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Manufacturing in Massachusetts:
Teaching a Younger Workforce New Skills
SPRINGFIELD, Mass. — After decades of economic decline, Western Massachusetts is trying to put the pieces together for a new industrial boom.
An alliance of government, academic, and business leaders is betting that by providing the right skills to the next generation of workers, this part of the state can fill empty manufacturing positions and boost its flagging employment rate. They are focusing on what is known as the “skills gap,” the disparity between what today’s employers need and the skills young people coming out of high school and college have — or don’t have.
Programs like the advanced manufacturing center at Putnam Vocational-Technical Academy put underemployed trainees like Shaniqua Owens inside a machine shop for night classes that teach them to read blueprints, perform precision calculations, and operate tool mills that create parts for local aerospace, medical, and biotech companies.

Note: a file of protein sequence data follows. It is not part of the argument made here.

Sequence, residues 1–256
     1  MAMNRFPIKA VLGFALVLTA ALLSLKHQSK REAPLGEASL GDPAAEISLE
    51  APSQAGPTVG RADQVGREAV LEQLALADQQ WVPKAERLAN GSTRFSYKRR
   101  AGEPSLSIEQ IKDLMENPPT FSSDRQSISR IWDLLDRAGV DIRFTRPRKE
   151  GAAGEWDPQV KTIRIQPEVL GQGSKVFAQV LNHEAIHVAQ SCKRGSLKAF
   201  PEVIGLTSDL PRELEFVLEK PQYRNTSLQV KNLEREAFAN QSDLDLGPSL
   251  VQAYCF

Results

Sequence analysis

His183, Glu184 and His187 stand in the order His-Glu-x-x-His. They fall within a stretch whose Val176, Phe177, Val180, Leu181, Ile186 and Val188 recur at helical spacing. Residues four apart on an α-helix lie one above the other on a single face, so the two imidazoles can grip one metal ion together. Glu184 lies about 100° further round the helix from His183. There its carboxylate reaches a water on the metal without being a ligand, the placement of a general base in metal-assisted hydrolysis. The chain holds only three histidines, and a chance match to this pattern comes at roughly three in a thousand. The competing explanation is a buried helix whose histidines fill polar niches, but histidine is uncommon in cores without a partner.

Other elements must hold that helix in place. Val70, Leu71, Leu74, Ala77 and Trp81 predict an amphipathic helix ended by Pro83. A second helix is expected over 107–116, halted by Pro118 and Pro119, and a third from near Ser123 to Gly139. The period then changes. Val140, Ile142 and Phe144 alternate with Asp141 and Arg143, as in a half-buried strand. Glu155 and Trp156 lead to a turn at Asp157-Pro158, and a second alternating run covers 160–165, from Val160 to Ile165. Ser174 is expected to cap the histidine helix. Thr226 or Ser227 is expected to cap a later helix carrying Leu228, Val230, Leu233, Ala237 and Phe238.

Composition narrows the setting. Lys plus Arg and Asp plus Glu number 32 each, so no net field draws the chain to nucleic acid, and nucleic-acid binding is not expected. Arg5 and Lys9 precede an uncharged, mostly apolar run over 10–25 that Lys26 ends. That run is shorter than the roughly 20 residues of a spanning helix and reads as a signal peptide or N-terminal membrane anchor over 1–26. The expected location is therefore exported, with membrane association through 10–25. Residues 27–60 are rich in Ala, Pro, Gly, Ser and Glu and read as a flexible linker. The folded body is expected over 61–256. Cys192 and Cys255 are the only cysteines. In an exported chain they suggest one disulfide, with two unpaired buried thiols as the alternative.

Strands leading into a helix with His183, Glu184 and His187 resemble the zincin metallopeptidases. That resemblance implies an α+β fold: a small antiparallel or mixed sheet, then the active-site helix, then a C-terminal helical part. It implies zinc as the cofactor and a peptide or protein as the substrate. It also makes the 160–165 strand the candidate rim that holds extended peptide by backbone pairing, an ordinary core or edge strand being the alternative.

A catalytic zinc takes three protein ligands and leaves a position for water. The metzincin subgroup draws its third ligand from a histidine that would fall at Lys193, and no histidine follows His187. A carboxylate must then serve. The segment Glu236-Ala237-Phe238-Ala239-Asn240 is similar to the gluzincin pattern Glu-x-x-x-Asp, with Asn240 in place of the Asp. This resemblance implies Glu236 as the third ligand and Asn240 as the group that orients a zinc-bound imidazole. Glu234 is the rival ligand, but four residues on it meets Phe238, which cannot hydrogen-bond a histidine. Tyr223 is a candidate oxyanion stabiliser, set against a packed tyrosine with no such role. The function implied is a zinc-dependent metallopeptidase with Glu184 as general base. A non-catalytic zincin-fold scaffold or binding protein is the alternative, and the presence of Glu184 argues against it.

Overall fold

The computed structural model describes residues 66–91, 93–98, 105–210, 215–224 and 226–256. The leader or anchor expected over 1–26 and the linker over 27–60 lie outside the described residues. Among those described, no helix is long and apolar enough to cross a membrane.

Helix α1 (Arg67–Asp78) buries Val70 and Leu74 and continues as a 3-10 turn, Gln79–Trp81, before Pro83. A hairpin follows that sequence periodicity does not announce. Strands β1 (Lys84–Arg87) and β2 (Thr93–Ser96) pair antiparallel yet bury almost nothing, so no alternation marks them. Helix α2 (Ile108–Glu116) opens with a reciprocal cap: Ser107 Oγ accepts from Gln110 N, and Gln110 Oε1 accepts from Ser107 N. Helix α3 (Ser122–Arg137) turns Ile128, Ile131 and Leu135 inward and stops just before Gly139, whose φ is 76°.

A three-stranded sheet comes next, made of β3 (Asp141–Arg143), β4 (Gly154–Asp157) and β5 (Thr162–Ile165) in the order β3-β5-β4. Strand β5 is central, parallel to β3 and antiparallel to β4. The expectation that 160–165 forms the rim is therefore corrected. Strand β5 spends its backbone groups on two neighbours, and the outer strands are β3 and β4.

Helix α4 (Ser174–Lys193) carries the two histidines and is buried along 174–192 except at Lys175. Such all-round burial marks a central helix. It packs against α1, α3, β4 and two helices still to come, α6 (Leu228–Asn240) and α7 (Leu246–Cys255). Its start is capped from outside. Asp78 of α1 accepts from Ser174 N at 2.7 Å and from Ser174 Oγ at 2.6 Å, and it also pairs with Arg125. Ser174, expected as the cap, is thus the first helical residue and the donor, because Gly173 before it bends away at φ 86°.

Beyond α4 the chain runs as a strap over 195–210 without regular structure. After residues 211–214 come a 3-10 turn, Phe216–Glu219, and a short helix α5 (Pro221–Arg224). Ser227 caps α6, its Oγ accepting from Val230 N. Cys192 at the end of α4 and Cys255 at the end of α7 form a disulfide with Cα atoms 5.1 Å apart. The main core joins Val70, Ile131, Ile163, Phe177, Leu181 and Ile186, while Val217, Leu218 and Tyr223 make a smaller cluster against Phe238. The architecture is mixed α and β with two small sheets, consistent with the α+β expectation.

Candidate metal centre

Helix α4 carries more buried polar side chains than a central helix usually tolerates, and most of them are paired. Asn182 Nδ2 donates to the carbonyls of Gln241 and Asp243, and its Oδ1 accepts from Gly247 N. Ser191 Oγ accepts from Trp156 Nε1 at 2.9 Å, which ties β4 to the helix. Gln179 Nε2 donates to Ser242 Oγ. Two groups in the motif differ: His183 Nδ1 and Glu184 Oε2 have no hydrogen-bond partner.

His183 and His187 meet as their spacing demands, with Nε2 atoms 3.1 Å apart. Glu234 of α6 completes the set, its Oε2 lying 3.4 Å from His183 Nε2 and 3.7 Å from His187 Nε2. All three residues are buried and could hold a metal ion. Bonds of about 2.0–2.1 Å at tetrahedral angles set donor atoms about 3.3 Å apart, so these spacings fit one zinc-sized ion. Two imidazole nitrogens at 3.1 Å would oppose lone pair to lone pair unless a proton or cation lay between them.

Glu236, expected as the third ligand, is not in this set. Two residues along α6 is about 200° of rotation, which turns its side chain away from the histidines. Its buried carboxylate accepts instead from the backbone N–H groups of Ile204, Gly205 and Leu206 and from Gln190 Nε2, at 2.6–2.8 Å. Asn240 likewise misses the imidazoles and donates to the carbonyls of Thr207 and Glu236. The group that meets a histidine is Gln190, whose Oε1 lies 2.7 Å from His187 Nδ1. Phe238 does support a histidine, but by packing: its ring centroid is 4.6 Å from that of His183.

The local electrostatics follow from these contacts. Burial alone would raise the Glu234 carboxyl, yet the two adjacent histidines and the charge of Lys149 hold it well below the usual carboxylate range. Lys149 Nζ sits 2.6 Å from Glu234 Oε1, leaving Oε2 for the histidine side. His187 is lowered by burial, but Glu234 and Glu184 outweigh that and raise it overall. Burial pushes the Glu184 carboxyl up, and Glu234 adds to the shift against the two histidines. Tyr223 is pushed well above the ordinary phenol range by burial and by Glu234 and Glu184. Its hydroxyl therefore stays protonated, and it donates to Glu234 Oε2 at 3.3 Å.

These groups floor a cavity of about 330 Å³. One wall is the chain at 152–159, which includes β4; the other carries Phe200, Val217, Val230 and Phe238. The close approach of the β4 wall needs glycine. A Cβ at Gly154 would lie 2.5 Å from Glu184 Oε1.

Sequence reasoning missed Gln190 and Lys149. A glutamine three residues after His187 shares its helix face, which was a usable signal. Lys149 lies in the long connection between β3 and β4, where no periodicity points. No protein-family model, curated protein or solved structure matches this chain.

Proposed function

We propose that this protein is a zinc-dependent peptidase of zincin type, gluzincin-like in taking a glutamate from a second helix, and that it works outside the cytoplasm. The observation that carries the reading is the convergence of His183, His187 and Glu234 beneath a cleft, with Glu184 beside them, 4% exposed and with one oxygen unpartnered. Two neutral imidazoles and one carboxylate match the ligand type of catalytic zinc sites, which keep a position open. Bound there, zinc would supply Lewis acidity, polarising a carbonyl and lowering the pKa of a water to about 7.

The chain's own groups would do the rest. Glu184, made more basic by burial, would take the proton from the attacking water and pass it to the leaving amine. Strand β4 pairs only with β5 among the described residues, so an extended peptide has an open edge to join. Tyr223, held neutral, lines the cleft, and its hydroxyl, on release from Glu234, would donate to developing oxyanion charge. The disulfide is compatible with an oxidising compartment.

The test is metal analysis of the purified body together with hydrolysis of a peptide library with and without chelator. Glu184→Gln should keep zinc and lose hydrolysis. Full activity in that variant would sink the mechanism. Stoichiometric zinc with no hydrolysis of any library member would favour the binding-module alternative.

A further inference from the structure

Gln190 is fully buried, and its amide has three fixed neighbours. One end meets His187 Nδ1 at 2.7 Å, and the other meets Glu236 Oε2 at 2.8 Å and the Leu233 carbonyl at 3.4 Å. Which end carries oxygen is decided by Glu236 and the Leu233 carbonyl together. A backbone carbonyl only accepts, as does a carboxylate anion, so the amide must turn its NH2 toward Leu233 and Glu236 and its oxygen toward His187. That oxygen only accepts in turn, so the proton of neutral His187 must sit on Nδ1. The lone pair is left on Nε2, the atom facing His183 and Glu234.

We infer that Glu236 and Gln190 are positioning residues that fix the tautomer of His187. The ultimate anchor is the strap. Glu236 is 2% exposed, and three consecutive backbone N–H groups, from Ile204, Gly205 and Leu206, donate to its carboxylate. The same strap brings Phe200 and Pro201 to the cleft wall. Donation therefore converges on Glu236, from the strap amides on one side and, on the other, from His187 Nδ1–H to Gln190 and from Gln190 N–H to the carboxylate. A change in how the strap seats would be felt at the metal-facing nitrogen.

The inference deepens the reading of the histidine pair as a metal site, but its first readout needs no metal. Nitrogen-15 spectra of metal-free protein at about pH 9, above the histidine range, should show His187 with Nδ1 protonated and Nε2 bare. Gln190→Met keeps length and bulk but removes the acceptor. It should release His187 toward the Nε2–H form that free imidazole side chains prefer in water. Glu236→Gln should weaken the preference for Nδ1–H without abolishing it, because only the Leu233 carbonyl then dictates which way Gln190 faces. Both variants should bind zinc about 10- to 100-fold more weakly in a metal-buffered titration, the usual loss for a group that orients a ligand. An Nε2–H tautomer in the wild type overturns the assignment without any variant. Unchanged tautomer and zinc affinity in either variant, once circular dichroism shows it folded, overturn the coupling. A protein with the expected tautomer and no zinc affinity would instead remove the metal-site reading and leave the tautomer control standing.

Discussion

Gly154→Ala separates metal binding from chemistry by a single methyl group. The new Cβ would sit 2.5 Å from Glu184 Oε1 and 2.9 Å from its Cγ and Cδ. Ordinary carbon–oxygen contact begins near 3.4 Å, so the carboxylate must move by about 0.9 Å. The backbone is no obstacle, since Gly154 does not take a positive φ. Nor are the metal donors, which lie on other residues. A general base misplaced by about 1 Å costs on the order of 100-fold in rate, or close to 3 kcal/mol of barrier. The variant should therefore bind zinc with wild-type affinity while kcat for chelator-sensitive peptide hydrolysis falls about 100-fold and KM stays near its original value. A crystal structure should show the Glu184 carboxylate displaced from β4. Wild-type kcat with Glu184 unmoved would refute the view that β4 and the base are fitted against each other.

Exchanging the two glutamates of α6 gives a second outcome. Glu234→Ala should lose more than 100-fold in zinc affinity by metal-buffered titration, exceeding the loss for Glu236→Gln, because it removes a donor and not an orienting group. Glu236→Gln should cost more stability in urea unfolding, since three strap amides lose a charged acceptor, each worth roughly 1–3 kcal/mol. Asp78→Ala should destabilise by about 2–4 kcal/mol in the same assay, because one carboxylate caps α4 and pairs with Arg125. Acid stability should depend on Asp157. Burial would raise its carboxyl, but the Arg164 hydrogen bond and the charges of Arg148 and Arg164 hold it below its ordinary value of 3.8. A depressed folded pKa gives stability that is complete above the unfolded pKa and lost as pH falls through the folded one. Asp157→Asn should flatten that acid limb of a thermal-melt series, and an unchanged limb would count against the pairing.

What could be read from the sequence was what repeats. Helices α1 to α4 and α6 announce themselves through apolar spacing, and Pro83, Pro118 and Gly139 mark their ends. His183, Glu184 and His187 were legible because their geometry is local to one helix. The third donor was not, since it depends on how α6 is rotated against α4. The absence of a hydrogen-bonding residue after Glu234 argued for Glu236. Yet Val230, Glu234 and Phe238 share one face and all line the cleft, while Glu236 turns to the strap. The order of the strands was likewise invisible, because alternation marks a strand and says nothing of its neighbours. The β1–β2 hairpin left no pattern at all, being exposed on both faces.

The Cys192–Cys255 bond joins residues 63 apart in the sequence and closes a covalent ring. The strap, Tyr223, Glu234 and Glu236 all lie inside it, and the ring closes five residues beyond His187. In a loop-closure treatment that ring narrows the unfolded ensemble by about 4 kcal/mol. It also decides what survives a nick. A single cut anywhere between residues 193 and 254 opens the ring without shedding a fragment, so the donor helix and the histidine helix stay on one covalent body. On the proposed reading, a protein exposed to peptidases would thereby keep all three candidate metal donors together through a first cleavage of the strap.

Owens, 26, is a Springfield native who dropped out of Springfield Technical Community College in 2009 after her mother died.
“My younger brother needed additional guidance at the time, and I also wasn’t as focused,” she said.
Owens bounced around between jobs, weighed down by $15,000 in student loans she had accrued while pursuing the degree she didn’t complete. Last fall she tried FutureWorks, a career center in downtown Springfield, where she saw a flyer for the manufacturing class at Putnam. The Hampden Regional Employment board reports a 75 percent job placement rate for the advanced training programs they oversee, which includes Putnam.
After three months of free training at the recently renovated shop, Owens graduated with what’s called a MACWIC certificate, an industry credential recognized across the state. She said she’s certain she wants to work as a machinist.
“I like to work with my hands and it’s important to learn how things work and are made,” Owens said. “I think it is important for young people like us to be involved in these jobs.”
Among young adults aged 16-24, Western Massachusetts has an employment rate below the state average — 58.8 percent versus 64.3 percent, according to a report by the UMass Donahue Institute. The numbers are even lower when looking at racial and ethnic groups.
But with Massachusetts expected to add 30,000 new manufacturing jobs by the end of the decade, according to a new report from RTI International, and Gov. Charlie Baker’s administration offering millions of dollars in grants to programs like Putnam, young jobseekers like Owens see opportunity.
Right now she’s working at Five Guys burger chain to pay bills while looking for the right job in manufacturing.